Shurmur and Spags have friendly rivalry
Both started their NFL coaching careers in Philadelphia under Andy Reid. Shurmur started as a tight ends coach and Spagnuolo was a defensive assistant. They rose through the ranks and eventually were head coaches: Shurmur in Cleveland and Spagnuolo in St. Louis. They're close friends, but they'll put personal feelings aside when the Eagles (2-3) host the Giants (3-2) on Monday night.
''We talk a lot,'' Shurmur said. ''Our wives are very close. We pull for one another and then it just so happens we're competing against one another this week.''
''It was a fun couple of years when we were together,'' Shurmur said. ''Learned a lot of football. I think we learned a lot of football together. I wish I would have known some of the things I learned in the last five years that would have helped me do a better job for him then when we worked together.''
Shurmur was 9-23 in his two seasons in Cleveland. He returned to Philadelphia in 2013 on Chip Kelly's staff. Spagnuolo was New York's defensive coordinator when the Giants beat the previously unbeaten Patriots in the 2008 Super Bowl. He was 10-38 in three seasons coaching the Rams from 2009-11 and worked as an assistant in New Orleans and Baltimore before returning to the Giants this season.
''I got a lot of respect for him,'' Shurmur said. ''He's been very, very successful, very detailed coach, and you can see his fingerprints all over the defense now.''
AS THE WORLD TURNS: After Mike Nugent's 42-yard field goal deflected off the left upright and went through in overtime, giving the Bengals a 27-24 win over Seattle last Sunday, Neil deGrasse Tyson took to Twitter to explain the carom.
''Today's (at)Bengals winning OT field goal was likely enabled by a 1/3-in deflection to the right, caused by Earth's Rotation,'' the astrophysicist explained.
Uh, OK. When asked about the scientific explanation that kept the Bengals unbeaten, they were at a loss for words.
''I think the Earth rotates all the time, doesn't it?'' quarterback Andy Dalton said. ''Mike made it and that's all that matters.''
Asked if he takes the planet's spin into account on his deep passes, Dalton smiled and said, ''Yeah, I've got to adjust for that.''
SEEING YELLOW: Bills coach Rex Ryan's decision to distribute wristbands to his players with the words ''Yes Sir!'' written on them proved successful in reducing penalties in a 14-13 win over the Tennessee Titans last week.
A week after being flagged 17 times for 135 yards in a 24-10 loss to the New York Giants, Buffalo was penalized just seven times for 62 yards against the Titans. The big issues for Ryan were personal foul and unsportsmanlike conduct penalties the Bills - including one against him - were attracting for retaliating against opponents and arguing with officials.
''Yes Sir!'' was a reminder for everyone to walk away and accept the call.
''It wasn't done just to be a gimmick,'' Ryan said. ''The `Yes Sir!' thing, it's bigger than us individually, and we don't want to let each other down.''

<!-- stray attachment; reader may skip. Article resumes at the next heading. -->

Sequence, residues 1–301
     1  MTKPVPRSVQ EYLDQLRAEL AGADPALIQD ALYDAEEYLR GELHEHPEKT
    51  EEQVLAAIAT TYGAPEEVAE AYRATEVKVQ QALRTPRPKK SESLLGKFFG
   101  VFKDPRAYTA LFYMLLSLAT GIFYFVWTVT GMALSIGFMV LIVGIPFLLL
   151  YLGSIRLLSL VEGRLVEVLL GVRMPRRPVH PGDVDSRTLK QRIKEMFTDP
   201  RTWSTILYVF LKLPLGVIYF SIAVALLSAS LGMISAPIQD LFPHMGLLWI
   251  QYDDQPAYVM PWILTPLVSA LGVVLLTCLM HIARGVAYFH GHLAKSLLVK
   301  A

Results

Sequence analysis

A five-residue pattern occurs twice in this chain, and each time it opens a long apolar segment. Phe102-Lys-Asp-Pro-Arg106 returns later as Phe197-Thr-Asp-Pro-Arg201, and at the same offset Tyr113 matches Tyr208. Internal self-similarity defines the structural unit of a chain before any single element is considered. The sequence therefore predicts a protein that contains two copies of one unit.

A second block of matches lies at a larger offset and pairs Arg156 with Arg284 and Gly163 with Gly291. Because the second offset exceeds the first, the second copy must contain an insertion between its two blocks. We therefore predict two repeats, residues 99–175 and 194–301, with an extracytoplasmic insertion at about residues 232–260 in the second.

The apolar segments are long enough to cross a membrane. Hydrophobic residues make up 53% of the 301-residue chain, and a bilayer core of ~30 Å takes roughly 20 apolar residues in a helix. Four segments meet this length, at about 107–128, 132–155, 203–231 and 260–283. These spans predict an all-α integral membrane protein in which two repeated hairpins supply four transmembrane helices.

During practice, Ryan also had the entire team do pushups whenever a player committed a penalty. And yet, the Bills got off to a rocky start last weekend. Tennessee's Bishop Sankey muffed the opening kickoff, leaving the Titans set to start on their 2. The play, however, was negated after Buffalo's Marcus Easley was flagged for offside.
Ryan joked his wristband snapped after Easley's penalty.
Rhodes has fared relatively well in coverage, but his physical style has gotten him in plenty of trouble with the officials on the field. He's tied with teammate and defensive end Everson Griffen for the most accepted penalties per game in the NFL, with seven each for an average of 1.75 per game. In Minnesota's last game at Denver, Rhodes was flagged for defensive pass interference twice and once for a horse-collar tackle that also drew him a $17,363 fine.
So when the Vikings returned from their bye week for practice on Monday, defensive backs coach Jerry Gray playfully made Rhodes put on a pair of boxing gloves during the portion of the workout reporters were allowed to watch.
''Now you can't grab!'' Gray yelled.
Rhodes took the gag in stride, but there was clearly a purpose to it.
''We want to laugh and joke with him, let me know it's not a thing that coach is insulting you on or anything like that,'' teammate Captain Munnerlyn said. ''We're just trying to get you better.''
TOUGH GUY TALE: In the wake of Dan Campbell's promotion to interim coach of the Miami Dolphins, a story began circulating that exemplified his toughness as a player.
According to the tale, Campbell showed no pain when his appendix burst while he was flying to training camp when with the Dallas Cowboys. Not quite true, he says.
''It didn't burst, no. It sounds like my gut fell out,'' he said. ''I did have the surgery. It was bothering me, and it's a long story. There are some funny bits and pieces to it that I won't get into. But it did not rupture.''
Campbell laughed when asked if it's also untrue he performed the surgery himself.
AP Pro Football Writers Rob Maaddi, Dave Campbell and Barry Wilner, and Sports Writers Joe Kay, Steven Wine and John Wawrow contributed to this notebook.
AP NFL website: www.pro32.ap.org and www.twitter.com/AP-NFL